The fourth conference was Advanced Health Law in Atlanta. This one had the best food 🙂 And I was a little surprised at how easily I followed everything presented, even though it was billed as advanced. I guess it helped that I’ve read hundreds of developing news and other articles over the past two years on healthcare reform issues. Why have I continued reading all that stuff even though I initially swore off law practice a couple of years ago? I’m not sure. I guess I felt like I understood what the problems are and was interested to see how they’ll be addressed. I think I also realize my problem is not with the area of law, it’s with the corporate blue blood law firm industry. No thanks. But I have warmed to the idea of doing some part time work for a few respectable providers who are trying to do the right thing, and perhaps it wouldn’t be so bad using Alternative Fee Arrangements to the billable hour. It’s something I’m thinking about.
The fifth conference was also in Atlanta (I did not like getting up at 4am to make it to Atlanta on time!!!), and was titled “The Overlap of Legal and Medical Ethics: Issues in End-of-Life Decision Making.” It was presented by Emory University’s Law School, Center for Ethics, School of Medicine, School of Nursing, School of Theology, School of Public Health and Business School. This seminar was also really interesting because one of the panels (see pic) featured the trial judge, Guardian Ad Litem, and an appellate lawyer in the Terri Schiavo case, which spanned 7 years. It was filled with helpful discussion for attorneys who help clients with Advanced Directives, Durable Powers of Attorney for Health Care and Living Wills, and for the healthcare providers who follow them.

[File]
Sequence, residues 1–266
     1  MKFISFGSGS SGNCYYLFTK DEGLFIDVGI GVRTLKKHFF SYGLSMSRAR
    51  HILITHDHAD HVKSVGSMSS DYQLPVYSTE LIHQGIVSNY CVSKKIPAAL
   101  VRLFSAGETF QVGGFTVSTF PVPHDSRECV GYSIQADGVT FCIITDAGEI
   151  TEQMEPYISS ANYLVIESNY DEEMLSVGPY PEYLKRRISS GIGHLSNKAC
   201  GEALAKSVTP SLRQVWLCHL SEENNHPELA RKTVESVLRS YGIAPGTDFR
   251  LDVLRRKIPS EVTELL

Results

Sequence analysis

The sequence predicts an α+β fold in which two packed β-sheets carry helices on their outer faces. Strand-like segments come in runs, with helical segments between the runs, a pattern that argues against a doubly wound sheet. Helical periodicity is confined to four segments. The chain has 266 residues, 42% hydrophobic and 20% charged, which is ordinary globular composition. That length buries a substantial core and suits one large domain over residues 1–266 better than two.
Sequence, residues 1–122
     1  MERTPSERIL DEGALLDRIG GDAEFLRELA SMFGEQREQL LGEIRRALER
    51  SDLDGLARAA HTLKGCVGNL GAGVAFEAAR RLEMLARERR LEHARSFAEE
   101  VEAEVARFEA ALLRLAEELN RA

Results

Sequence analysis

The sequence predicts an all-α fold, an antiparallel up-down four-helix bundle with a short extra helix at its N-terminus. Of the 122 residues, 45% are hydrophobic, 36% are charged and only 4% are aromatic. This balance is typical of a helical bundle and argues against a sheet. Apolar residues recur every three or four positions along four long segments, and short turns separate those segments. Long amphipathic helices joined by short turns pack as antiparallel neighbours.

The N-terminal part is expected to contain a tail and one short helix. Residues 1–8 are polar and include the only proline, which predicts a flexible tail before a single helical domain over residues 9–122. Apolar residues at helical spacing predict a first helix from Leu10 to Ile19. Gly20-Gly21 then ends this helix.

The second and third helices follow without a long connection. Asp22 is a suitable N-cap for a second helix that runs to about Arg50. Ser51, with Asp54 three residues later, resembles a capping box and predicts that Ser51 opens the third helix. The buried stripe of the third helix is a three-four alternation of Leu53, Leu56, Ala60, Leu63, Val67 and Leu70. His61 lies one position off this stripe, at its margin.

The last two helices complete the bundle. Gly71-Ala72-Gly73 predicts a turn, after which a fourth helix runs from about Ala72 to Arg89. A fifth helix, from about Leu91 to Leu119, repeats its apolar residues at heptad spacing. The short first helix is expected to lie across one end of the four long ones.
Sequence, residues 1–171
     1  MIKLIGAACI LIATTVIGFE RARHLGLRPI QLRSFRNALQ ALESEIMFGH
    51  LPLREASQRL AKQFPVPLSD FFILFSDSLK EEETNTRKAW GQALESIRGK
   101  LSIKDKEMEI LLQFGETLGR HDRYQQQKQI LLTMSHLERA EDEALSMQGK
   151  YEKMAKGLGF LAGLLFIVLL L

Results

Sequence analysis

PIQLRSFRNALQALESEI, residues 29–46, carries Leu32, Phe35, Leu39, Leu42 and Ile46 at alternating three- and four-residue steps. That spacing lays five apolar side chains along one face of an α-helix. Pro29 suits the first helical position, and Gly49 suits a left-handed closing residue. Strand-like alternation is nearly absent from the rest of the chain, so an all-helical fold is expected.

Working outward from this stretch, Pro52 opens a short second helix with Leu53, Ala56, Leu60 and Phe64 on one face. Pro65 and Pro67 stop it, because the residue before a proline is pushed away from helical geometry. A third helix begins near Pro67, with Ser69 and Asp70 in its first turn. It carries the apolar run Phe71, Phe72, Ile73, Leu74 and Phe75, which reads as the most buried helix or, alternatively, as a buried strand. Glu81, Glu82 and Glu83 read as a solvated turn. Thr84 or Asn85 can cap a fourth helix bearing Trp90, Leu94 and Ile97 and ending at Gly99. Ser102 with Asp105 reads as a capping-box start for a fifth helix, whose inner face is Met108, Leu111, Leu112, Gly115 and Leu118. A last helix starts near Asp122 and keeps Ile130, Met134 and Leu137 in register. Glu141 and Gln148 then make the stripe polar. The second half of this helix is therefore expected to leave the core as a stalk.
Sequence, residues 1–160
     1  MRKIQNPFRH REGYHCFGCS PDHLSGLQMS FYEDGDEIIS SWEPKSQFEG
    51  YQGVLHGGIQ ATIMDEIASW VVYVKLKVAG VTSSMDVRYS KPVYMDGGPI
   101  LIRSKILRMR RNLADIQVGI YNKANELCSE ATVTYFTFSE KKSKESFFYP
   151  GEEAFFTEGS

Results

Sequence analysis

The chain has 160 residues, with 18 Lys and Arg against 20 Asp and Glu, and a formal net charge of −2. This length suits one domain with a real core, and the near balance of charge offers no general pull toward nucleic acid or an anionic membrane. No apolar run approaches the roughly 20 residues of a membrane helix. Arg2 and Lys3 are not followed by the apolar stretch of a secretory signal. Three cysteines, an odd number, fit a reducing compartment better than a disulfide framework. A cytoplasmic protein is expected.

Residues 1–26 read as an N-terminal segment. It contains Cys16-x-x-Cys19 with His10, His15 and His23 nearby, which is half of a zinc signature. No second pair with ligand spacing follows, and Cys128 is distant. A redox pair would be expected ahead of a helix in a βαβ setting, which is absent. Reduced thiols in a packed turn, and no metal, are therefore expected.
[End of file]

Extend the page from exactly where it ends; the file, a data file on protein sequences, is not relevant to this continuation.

So what’s my conclusion after all that? Well, for one thing, I conclude that I don’t want to go to anymore seminars for awhile. I’ve had my fill until next year. 🙂 I’m also planning to spend more time in the future figuring out a way to practice part-time and achieve some meaning out of it. I was talking to a professor at Auburn last week about a 2 day lecture I’m giving on Public Health Law, and he asked how long I practiced before taking my sabbatical. I thought back and counted 12 years, and his reply was, “Then you deserved it.” That made me feel pretty good. I’m 40… too old for some things and too young for others. My vision of Southern Farmhouse Ales is going to take a while to realize at the pace it’s going, but I’d rather take all the time I need to do that right, even if others could get it going faster. 12 more years of law? Maybe… depends on what it is and how it happens. I’m gonna be thinking about it.